What is Peripheral Artery Disease?

By Michael Bengston, M.D.

Often described as poor circulation in the legs, Peripheral Artery Disease, or P.A.D., is a serious condition that more than doubles your risk of heart attack or stroke. 8 million people have P.A.D. People with diabetes and smokers are more likely to develop it. However, because many people have no symptoms at all, only your doctor can diagnose P.A.D.

Poor circulation in the arteries of your legs is serious enough. But that’s not all. It may also be a warning sign of a similar problem in the arteries leading to your heart or your brain.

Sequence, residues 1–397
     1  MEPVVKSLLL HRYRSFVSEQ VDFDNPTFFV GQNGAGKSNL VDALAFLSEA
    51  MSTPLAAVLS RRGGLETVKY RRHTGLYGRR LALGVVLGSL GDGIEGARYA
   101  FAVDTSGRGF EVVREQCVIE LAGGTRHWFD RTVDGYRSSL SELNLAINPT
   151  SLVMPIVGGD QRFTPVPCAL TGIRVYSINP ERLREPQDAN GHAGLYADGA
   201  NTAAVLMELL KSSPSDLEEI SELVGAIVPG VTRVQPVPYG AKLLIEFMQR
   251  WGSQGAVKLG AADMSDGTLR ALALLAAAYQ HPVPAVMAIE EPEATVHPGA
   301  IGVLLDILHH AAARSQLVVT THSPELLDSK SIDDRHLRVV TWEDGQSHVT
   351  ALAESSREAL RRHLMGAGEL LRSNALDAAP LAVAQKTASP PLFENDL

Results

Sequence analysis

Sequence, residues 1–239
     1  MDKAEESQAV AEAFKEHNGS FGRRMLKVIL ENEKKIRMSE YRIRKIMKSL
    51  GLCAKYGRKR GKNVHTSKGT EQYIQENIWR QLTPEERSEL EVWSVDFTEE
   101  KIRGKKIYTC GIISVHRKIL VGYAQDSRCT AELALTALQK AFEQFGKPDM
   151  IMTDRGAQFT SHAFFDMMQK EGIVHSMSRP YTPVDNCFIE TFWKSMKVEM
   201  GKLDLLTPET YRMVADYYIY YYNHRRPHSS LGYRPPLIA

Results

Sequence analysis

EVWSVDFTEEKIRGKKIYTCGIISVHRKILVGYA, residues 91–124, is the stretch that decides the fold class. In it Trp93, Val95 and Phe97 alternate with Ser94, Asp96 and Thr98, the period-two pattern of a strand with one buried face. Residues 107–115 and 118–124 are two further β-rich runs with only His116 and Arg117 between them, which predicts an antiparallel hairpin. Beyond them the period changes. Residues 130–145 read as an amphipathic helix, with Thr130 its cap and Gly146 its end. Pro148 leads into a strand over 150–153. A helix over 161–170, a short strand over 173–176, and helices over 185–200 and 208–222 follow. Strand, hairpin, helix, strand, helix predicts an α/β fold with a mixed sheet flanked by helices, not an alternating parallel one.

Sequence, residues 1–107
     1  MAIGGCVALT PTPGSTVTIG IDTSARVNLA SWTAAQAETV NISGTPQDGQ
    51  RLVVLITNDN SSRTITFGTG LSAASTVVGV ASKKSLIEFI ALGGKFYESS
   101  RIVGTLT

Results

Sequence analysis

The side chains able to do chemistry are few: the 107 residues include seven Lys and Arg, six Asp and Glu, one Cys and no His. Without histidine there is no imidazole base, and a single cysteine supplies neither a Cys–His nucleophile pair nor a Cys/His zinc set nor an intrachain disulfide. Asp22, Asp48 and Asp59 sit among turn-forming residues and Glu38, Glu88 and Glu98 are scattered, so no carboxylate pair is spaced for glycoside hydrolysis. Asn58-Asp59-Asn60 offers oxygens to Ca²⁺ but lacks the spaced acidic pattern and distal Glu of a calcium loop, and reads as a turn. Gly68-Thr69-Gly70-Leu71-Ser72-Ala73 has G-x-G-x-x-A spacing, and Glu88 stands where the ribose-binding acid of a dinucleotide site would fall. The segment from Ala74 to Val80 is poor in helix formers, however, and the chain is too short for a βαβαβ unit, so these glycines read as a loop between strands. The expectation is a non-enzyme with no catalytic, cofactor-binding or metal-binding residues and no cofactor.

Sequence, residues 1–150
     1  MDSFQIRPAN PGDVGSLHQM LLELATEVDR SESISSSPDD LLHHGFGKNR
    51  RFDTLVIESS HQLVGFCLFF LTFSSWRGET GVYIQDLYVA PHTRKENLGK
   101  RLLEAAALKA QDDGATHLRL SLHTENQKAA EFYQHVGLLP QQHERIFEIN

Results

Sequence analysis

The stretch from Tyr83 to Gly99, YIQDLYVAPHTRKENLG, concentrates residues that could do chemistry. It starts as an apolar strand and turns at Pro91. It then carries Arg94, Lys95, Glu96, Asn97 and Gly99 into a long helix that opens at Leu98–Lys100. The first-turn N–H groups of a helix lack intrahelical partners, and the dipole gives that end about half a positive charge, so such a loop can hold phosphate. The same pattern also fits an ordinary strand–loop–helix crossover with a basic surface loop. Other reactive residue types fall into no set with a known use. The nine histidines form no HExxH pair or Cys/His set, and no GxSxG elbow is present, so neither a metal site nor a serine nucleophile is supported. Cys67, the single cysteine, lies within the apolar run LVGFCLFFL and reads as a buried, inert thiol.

When the arteries in your legs or any other part of your body begin to narrow from plaque, the flow of oxygen-rich blood is restricted. (Plaque is a buildup of cholesterol and other materials in the walls of your arteries.) If the plaque ruptures, microscopic particles in the blood called platelets can clump together, causing clots to form. When these clots block the flow of blood to your heart or your brain, it can cause a heart attack or stroke.

Want to receive a free information kit that has all the facts on P.A.D. and how to talk to your doctor about this disease? Sign up today! It’s free and arrives in the mail in a few days.

 

APA Reference
Bengston, M. (2007). What is Peripheral Artery Disease?. Psych Central. Retrieved on December 29, 2014, from http://psychcentral.com/lib/what-is-peripheral-artery-disease/000900
Scientifically Reviewed
    Last reviewed: By John M. Grohol, Psy.D. on 30 Jan 2013
    Published on PsychCentral.com. All rights reserved.

 

 

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